Aboriginal English (AE) is the first and ‘home language’ of many Aboriginal people. It is through this language that Aboriginal students learn about central aspects of their lives and their Aboriginality. An important point to note about AE is that it has derived from Aboriginal languages with an English influence, and that in many situations was an imposed language. A most potent example of this occurred when the Government placed Aboriginal people onto reserves and missions, where they were forbidden to speak in their traditional language, and were given no educative process to assist them to learn English. Those who spoke their traditional Aboriginal language were often punished by being removed from their family and expelled from the reserve or mission. AE is easily identifiable to those who use it. It is a common, diverse and unifying language.
A useful introduction to the linguistic features of AE is found in PEN 93: Aboriginal English by Diana Eades, which discusses the diversity of AE and how it differs from Standard Australian English (SAE) in systematic ways, by:
- phonology (accent and pronunciation)
- morpho-syntax (grammar)
- lexico-semantics (words and their meaning)
- pragmatics (the way that language is used in sociocultural contexts).
We do, of course recognise that there is an ongoing debate about whether AE should be considered a dialect or a language. It is important for teachers to have a fundamental understanding of AE as that knowledge will encourage them to recognise and accept that this is a dialect or language that is as linguistically valid and correct as SAE. AE is not ‘bad English’, ‘lazy English’ or ‘uneducated English’ to be corrected and eliminated.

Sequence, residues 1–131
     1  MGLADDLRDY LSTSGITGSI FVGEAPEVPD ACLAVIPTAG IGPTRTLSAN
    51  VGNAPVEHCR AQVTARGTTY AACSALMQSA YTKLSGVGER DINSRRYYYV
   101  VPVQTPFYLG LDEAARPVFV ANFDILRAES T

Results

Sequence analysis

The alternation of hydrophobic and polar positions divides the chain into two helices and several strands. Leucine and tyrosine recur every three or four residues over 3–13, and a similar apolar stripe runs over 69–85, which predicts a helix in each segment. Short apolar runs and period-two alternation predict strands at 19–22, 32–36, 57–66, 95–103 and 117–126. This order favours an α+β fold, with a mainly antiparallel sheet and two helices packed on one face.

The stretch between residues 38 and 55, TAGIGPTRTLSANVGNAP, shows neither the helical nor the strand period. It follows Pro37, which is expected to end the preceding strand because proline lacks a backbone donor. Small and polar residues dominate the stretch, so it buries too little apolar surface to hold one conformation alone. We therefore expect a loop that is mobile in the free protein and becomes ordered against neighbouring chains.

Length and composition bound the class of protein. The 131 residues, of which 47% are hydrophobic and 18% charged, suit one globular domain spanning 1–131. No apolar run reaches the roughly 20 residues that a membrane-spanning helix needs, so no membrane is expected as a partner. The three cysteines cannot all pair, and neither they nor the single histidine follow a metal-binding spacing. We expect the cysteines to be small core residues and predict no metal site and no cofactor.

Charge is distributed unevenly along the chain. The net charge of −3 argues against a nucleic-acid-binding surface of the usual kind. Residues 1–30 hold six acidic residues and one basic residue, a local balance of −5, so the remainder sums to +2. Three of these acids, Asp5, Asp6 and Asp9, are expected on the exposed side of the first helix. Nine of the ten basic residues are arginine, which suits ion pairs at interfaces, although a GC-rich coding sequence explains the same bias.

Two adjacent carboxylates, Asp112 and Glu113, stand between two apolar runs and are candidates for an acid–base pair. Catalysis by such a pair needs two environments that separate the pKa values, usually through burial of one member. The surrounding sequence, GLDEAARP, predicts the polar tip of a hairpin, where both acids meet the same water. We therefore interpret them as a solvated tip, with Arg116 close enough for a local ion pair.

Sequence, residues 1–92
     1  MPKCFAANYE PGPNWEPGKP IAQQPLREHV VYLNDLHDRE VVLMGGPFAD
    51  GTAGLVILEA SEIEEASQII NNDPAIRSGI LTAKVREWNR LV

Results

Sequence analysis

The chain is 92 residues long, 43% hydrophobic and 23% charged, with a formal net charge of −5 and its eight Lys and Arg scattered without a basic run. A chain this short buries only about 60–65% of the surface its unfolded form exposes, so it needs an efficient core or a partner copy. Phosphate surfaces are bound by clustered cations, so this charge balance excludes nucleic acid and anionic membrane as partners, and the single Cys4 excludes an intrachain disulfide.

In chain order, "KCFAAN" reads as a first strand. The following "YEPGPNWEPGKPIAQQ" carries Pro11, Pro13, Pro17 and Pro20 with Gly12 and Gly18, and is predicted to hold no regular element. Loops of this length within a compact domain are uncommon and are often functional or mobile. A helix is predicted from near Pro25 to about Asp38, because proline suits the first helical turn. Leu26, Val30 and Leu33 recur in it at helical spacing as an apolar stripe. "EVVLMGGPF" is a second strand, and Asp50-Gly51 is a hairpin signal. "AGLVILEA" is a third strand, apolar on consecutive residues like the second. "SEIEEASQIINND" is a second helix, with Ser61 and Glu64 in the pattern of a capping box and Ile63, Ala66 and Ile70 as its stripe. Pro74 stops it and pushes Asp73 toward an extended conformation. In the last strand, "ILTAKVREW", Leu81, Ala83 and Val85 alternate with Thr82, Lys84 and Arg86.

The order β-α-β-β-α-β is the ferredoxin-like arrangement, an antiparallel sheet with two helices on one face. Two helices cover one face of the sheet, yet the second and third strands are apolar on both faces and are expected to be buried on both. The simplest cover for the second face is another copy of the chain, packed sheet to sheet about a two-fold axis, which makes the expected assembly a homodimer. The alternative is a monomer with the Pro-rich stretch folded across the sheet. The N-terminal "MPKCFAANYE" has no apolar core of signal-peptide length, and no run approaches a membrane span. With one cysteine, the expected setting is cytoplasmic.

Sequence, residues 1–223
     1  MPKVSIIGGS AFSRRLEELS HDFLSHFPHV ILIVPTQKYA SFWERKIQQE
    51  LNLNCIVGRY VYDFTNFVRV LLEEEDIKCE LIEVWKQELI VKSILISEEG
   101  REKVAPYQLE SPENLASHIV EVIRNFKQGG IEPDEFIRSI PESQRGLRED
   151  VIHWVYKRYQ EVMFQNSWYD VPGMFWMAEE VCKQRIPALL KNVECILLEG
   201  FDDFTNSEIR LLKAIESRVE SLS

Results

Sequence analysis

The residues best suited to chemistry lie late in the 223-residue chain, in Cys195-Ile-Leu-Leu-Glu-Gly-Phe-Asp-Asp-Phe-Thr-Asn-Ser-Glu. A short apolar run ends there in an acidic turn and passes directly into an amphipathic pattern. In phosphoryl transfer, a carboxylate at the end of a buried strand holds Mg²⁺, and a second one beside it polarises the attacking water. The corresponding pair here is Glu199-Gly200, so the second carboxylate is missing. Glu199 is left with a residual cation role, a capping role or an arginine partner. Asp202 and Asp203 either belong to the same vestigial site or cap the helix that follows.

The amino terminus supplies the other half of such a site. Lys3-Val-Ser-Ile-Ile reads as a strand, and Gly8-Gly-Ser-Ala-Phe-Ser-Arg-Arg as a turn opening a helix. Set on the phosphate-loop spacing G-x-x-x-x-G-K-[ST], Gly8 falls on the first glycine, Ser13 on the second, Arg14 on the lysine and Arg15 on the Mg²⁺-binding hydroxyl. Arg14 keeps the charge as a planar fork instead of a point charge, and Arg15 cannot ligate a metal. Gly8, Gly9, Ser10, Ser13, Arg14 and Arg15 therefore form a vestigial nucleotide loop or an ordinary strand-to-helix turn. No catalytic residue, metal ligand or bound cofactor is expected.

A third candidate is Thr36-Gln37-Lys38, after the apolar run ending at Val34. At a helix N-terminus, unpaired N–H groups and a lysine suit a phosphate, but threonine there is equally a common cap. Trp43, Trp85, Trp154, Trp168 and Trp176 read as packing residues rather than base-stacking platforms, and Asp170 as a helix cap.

It is worth considering, that within many school contexts, teachers cater for students who come from diverse cultures and speak a first language other than English. Their first language, pronunciation and attempts to use the English language are generally accepted, appreciated and encouraged. They are given classroom experiences that help them practise language and interact in ‘natural and meaningful contexts’ (Gee 1996: 88).
In addition, teachers regularly provide support and develop curricula to assist these students in learning their second language of SAE. However, for Aboriginal children, their home language of AE is often unappreciated, unaccepted, not heard, misinterpreted, discouraged and corrected. This hardly seems fair. There are some helpful resources for those teachers who aim for social justice. These resources will support them in valuing and ratifying the AE used by their students and enable them to reflect on its implications when making decisions about their classroom curriculum. Among these are Supporting Early Language Acquisition (1994), the Aboriginal Literacy Resource Kit (1995) and A Place of Belonging (1996).
What this PEN intends, is to acknowledge the information that such resources are able to deliver, while also drawing attention more closely to how AE is played out in everyday classroom interactions between Aboriginal students and their teachers. This is done through the theoretical underpinnings and presentation and analysis of data generated from the Baiyai Research Project.